for proposals which address any of the above themes as well as other topics related to its central focus on Rethinking the past to reimagine the future. The programme will include 20 minute papers, panel discussions, lecture demonstrations, performances, films, workshops, or other modes of presentation. Lecture demonstrations and workshop should be 25 and 45 minutes long including time for brief Q&A. As in previous years there will also be opportunities for MA students and PhD students at the start of their research to give five minute presentations about their research topics. Please clearly indicate the nature and length of your presentation together with any technical requirements.
In addition to these opportunities to discuss current issues, ideas and concerns, the conference will also include sessions that share information about different career structures and pathways that are available for dance artists today such as portfolio careers, and new business models for dancers working within the sector. This will be delivered through presentations from arts administrative professionals, independent business professionals/social enterprise and representatives from funding bodies and will be followed by structured networking opportunities for the sharing of information and experience. In line with current trends in cultural policy, there will also be a focus on collaborative partnerships for co-creating the future. And there will be a high level delegation from the US-based International Association of Blacks in Dance (IABD) who will be able to share American perspectives on the conference’s key concerns.
The deadline for submissions is Friday 30th of May 2014. Submissions will be accepted by email only. Please direct emails to email@example.com, including ‘Re:Generations 2014’ in the subject line.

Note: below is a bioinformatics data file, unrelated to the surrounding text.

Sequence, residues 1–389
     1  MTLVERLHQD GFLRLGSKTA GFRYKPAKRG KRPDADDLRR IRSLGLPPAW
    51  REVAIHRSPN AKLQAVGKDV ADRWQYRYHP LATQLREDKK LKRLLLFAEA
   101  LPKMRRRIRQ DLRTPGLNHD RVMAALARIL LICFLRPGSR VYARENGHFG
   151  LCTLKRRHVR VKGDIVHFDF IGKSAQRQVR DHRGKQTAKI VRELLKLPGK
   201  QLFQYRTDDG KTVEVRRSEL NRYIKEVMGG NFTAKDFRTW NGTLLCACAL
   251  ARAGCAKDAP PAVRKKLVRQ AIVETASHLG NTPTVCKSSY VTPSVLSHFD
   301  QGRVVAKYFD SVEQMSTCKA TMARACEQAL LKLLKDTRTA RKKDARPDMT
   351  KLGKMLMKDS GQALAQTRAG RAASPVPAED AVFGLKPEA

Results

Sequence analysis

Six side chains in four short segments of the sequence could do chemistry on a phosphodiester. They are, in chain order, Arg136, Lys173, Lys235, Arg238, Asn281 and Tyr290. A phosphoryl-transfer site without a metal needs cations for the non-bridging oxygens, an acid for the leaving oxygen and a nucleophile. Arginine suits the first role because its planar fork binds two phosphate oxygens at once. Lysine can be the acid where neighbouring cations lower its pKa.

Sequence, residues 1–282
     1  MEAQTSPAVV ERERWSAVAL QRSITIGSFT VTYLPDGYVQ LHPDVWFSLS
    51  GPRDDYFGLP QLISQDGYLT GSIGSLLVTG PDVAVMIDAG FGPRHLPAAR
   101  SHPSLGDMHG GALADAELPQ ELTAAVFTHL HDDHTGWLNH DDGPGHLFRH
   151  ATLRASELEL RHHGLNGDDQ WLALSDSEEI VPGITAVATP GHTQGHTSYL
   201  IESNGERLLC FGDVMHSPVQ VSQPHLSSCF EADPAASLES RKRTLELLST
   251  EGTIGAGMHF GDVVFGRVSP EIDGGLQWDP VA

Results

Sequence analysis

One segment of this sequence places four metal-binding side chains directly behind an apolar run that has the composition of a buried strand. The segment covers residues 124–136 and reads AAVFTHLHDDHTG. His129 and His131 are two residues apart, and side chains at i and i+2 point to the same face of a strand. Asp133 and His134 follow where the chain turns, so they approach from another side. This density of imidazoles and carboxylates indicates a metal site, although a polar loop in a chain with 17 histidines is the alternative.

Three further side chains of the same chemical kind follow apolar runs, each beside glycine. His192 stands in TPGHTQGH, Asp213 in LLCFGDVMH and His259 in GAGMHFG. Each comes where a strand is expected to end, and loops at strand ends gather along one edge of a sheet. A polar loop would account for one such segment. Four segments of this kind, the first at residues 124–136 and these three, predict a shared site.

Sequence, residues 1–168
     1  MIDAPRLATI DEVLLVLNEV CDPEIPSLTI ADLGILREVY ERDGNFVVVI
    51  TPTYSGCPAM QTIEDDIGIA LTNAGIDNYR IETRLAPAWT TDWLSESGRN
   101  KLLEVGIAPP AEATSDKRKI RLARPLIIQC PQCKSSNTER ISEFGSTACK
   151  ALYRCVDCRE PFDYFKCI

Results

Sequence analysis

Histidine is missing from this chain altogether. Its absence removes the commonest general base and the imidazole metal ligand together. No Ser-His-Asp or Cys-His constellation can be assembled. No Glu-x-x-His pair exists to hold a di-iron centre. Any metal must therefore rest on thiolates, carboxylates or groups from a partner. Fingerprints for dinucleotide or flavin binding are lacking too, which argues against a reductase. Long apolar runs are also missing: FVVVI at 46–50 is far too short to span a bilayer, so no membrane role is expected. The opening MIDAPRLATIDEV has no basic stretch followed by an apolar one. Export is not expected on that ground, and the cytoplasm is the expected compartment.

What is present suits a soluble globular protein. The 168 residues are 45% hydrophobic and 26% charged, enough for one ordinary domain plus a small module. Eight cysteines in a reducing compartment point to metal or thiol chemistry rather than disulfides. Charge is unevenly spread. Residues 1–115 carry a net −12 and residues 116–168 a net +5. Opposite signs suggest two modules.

About the Re:Generations partners
Established in 1985, IRIE! dance theatre is Britain’s leading dance company working in the field of African and Caribbean dance fusion and education. The company delivers and sustains a range of creative, educational and artistic activities, based on the stimuli derived from Africa and the Caribbean. IRIE! promotes culture and diversity through training, outreach, performance and partnership. Located in the heart of South East London the company occupies the Moonshot centre, which houses dance studios, teaching rooms & archive and library facilities; where it continues to run and develop accredited qualifications, research programmes, community engagement and professional development for the dance sector.
The company provides employment, training, support and mentoring for a significant number of young people and professionals working in dance as well as related cultural industries. IRIE!’s collaborations have spanned across the UK and internationally. Current programmes include a partnership with City & Islington College (FE) and London Metropolitan University (HE) delivering a Dance Foundation Degree, where African and Caribbean dance & culture are taught equally alongside ballet and contemporary dance.